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What is a home education group?

What is a home education group?
Looking for support with home education? With hundreds of home ed groups around the country, there’s no need to feel like you’re on your own

No matter how sure you are that home education is the right choice for you and your child, going it alone can be a daunting step.

You might be worried that your child will become socially isolated, and miss out on the friendships they would have made at school. You might be concerned that you don’t have the ability to teach your child a full and varied curriculum. Or you might simply want to talk to other people in the same boat as you, who can give you support, reassurance and ideas.

Joining one of the many home education groups throughout the UK is a good way to tackle all of these issues. London alone has an estimated 60 home education groups – so wherever you are in the country, chances are you’ll find like-minded families keen and willing to share ideas, resources and support.

There are many types of home education groups, meeting a variety of different needs. Some are simply social, while others are formal, such as GCSE tutor groups. Some groups have a religious leaning, while others cater for specific interests, like forest school learning. Some groups organise one-off workshops such as stage make-up at the Victoria & Albert Museum in London.

What happens at a home education group?

Just as there’s a huge range of approaches to home education, so home ed groups come in many different guises. Typically, though, groups combine educational activities with opportunities to socialise with other home-educating families, and the programme is often driven by what members want.

The Otherwise Club is a community centre for home educators in London with between 40 to 60 families signed up. It provides support, activities, sports and drama events as well as outings and project groups – from history to Latin. ‘In our history group we’re currently working on the French Revolution, learning about it through debating, cooking and reading a novel,’ says Dr Leslie Barson, the group’s founder. ‘It’s about members creating what they want.’

Home education groups often organise workshops and short courses, as well as activities like sports and book clubs. Many involve outside speakers such as veterinary nurses, local authors, firefighters and historical re-enactors. They might also offer opportunities for volunteering in the local community.

Older children often attend home education groups for exam tuition, preparing for GCSEs or A levels in core subjects. Some groups also run vocational and practical courses, like hair and nail care, as well as opportunities to earn qualifications in subjects such as British sign language, drama and speech.

Home education groups meet anywhere from once a month to several times a week. Depending on their size, they might be held in a community centre, church hall or even someone’s house. Many also encourage outdoor learning through meetings in parks or educational day trips.

There’s often a small charge (a few pounds) to attend a home education group meeting, which helps pay for room hire, insurance, resources and activities. Some bigger, more formal groups charge an annual membership fee. Some groups are open to all ages, while others cater specifically for certain age groups.

What are the benefits of joining a home education group?

According to Dr Barson, the two main benefits of joining a home education group are the support you can get from other families, and the chance to take part in a range of activities. ‘Learning with others is one way of finding out about yourself,’ she says. 'It helps children develop their creativity and self-motivation.’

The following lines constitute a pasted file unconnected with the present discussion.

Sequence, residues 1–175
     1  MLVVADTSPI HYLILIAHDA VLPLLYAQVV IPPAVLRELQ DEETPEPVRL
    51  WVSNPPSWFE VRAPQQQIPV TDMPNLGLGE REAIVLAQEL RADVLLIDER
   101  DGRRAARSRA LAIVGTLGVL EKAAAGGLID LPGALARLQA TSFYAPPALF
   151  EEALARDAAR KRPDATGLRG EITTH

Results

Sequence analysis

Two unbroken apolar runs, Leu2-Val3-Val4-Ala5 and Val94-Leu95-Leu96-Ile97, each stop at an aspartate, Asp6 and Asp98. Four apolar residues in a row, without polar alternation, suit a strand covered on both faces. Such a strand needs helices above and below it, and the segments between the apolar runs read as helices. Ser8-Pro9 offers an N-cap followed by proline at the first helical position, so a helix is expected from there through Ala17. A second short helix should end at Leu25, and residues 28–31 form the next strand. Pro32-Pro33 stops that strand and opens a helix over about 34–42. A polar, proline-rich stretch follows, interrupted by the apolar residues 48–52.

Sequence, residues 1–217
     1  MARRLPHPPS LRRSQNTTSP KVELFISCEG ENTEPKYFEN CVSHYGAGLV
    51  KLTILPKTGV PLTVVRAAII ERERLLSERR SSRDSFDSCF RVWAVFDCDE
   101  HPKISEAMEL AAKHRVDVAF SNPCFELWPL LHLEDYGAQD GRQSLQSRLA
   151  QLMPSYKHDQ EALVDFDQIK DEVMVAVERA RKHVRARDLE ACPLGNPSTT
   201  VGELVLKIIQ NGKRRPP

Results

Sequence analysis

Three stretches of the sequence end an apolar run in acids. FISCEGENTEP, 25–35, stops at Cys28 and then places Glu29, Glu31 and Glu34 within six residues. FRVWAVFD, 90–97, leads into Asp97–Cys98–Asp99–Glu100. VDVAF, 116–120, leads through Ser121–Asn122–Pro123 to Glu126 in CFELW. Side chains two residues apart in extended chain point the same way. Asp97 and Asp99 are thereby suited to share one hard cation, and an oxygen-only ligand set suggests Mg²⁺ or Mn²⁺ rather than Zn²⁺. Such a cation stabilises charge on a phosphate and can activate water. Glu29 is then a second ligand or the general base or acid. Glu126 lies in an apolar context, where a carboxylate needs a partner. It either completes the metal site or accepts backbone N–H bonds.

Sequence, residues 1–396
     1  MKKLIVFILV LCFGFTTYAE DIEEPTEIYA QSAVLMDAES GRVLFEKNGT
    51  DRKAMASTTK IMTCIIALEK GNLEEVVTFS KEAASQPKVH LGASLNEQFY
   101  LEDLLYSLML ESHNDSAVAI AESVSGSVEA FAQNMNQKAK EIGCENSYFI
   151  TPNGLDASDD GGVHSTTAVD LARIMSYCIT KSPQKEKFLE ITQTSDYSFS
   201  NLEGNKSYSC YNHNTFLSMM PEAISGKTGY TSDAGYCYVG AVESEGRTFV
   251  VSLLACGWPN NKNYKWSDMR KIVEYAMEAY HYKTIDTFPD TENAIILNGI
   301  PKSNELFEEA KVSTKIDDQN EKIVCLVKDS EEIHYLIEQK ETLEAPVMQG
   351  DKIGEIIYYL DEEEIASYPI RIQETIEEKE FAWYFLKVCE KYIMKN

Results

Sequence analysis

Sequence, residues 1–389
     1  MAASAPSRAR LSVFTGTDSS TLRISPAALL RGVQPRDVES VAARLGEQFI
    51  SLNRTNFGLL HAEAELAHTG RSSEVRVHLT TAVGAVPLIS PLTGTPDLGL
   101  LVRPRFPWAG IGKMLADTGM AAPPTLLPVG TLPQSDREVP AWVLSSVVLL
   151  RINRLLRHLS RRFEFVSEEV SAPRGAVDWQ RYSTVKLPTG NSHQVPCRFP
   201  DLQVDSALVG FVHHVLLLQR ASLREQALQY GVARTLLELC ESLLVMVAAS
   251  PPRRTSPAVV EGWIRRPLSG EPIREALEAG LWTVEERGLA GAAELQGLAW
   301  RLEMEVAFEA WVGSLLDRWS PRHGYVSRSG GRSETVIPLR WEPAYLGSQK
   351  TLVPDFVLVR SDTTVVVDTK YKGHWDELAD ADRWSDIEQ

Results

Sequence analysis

Jaki Parsons belongs to North Hampshire Home Educators, which has around 100 children meeting each week for group lessons. ‘Some people come to a home education group because certain subjects are too tricky to do at home or too expensive to do through a learning organisation, while some come just because their children like the company,’ she says.

‘Children often make lifelong friends in these groups, and children with differing needs and abilities are able to work together for mutual benefit,’ Jaki continues. ‘For parents, they can be a one-stop shop for practical help, and a place to discuss issues they may be having with other services such as headteachers or the local council.’

Spending some time at a home education group can also be helpful if you’re considering home educating your child but are not sure whether to take the plunge. ‘You can see how it works on a day-to-day basis in a variety of settings with different age siblings,’ Jaki explains. ‘You’ll get first-hand experience of how to put home education into practice.’

How to find the right home education group for you

Because there are so many different home education groups, finding one that suits you and your child is likely to be a matter of going along to a few sessions to test the water. Lots of families join more than one group so they get the benefit of more opportunities to socialise and a wider range of activities.

Education Otherwise, Ed Yourself and Home Education in the UK have online directories of home education groups. You might also find details of groups in your area by looking at community and library noticeboards, joining Facebook groups and asking other families who home educate.

If you’re in an area without any home education groups, online groups and Facebook communities can be a good alternative, offering support, encouragement and discussion.

‘Ultimately, not everyone likes home education groups, but unlike with school, you can dip in and out according to what suits you and your family at a particular time,’ says Dr Barson. ‘That’s the beauty of home education.’

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